The Green House that Ben Built – The Guelph Mercury
Everything old can be made new again and still look historical, while seamlessly using innovative efficiency and technology.
Once you wrap your head around that, says a local entrepreneur, it’s actually quite simple.
Ben Polley, environmentalist and two-time Green Party of Ontario candidate, and his wife Jen Woodside have purchased a soon-to-be designated historical home with the aim of renovating it to look authentic while maximizing its energy efficiency. Polley is the owner of Evolve Builders Group, which specializes in building sustainable, energy-efficient and eco-friendly homes.
The home at 60 Manitoba St. was of interest to the Heritage Guelph committee because of its links to Samuel Carter, a Guelph alderman, mayor and member of the Ontario legislative assembly in the late 19th and early 20th century.
Councilors voted in May to begin the process of heritage designation, despite the protests of Harold Godwin, the property manager. He wanted to sever the property, which is the original lot size of a tenth of a hectare (about one fifth of an acre), to build two homes.
But the charm of a home with history and proximity to downtown amenities attracted Polley and Woodside.
While many of the heritage details have been stripped away of the years, there are key structural elements that mark it as different from newer surrounding residencies. It is set back quite far from the road and a birds-eye view shows the homes traditional L shape and low front-end roof.
Certain small details, such as the fact that the door is squarely in the middle of the front room, will stay the same.
Through the pairs ongoing investigative demolition, they have discovered long covered-up details including original hardwood under the second story floor, brick and exterior wood paneling from the original walls and some baseboard.
While little of the baseboard remains, they can mimic it throughout the house, as they will with other period details.
“It’s a little bit like a time capsule,” Polley said, pointing to old newspaper stuffed as insulation in the walls.
Adding insulation will be a major energy-saving venture.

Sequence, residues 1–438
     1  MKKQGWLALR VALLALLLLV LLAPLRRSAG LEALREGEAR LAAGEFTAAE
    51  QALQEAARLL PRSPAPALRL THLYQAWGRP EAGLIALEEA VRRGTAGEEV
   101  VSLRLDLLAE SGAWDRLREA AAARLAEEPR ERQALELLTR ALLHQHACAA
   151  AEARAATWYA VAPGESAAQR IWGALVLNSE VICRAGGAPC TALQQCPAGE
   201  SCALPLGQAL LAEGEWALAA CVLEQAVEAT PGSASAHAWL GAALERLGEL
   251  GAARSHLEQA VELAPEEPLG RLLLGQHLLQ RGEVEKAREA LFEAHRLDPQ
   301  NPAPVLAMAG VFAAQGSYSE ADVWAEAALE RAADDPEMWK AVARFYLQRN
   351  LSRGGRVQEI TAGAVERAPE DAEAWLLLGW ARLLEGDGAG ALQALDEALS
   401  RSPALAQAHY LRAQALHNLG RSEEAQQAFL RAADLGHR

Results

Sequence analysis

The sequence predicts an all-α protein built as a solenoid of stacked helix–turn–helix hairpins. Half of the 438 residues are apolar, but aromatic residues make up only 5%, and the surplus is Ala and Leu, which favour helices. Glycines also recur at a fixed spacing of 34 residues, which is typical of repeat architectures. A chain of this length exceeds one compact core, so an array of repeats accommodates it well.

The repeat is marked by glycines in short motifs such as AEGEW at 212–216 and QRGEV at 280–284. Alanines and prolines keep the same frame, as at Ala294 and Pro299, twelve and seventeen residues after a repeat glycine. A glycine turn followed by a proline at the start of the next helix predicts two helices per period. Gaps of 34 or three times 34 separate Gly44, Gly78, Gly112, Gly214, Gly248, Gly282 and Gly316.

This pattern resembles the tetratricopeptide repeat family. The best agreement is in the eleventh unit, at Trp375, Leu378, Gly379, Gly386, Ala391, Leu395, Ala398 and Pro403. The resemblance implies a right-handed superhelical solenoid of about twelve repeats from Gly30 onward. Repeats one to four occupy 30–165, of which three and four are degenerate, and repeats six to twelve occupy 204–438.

In their discoveries, the pair hope to also learn a little more about Samuel Carter.
Carter’s interest in politics and reputation as a progressive thinker made Polley feel akin to him. While he owned the Manitoba Street home, Carter operated a textile company that ran out of the property. At the same time, Woodside’s grandfather in Guelph was working for a company that was likely Carter’s competition.
Details like that, Woodside said, meant “the home was asking us to purchase it.”
Once purchased, the first step was meeting the the heritage committee. Polley said the meetings were encouraging, ending with the committee voting in favour of the pair’s plans for the house in principle.
Through the construction of a single-story straw bale addition with a living roof, photovoltaics for electricity production, solar hot water and grey water recycling, the home will use and waste very little electricity and water.
“It will be much more efficient than any new home,” Polley said.
The return to some older features are actually more environmentally friendly than modern practices he said. For instance, many modern paints emit toxic fumes, so the pair will use clay-based linseed oil paint that is not only more environmentally friendly, but more similar in character to paints that would have been used in the late 19th century.
“Progress isn’t always progress,” Woodside said.
The renovations will see the new kitchen ceiling opened up to renewal the original wood structure. The aim is to use as little new material as possible. Even the concrete floor will be refinished by being polished to expose the gravel and stone.
They are also considering using a small wind turbine designed to sit on roofs in urban areas, some type of rainwater harvesting system, and a solar air heating system that uses empty pop cans painted black to store solar heat that flows into the house.
They will follow government eco-energy guidelines and have an energy audit on their home to rate their efficiency on the scale.
An average rating for a 20 year old house in Canada is 66; Polley and Woodside say they will take their home to 95. The rating of 100 is reserved for homes that have been taken completely off the grid.
The renovations will cost approximately $120,000, but they will likely receive a $10,000 rebate from the provincial and federal government.
The hope is for construction to begin in December with a May or June move-in date.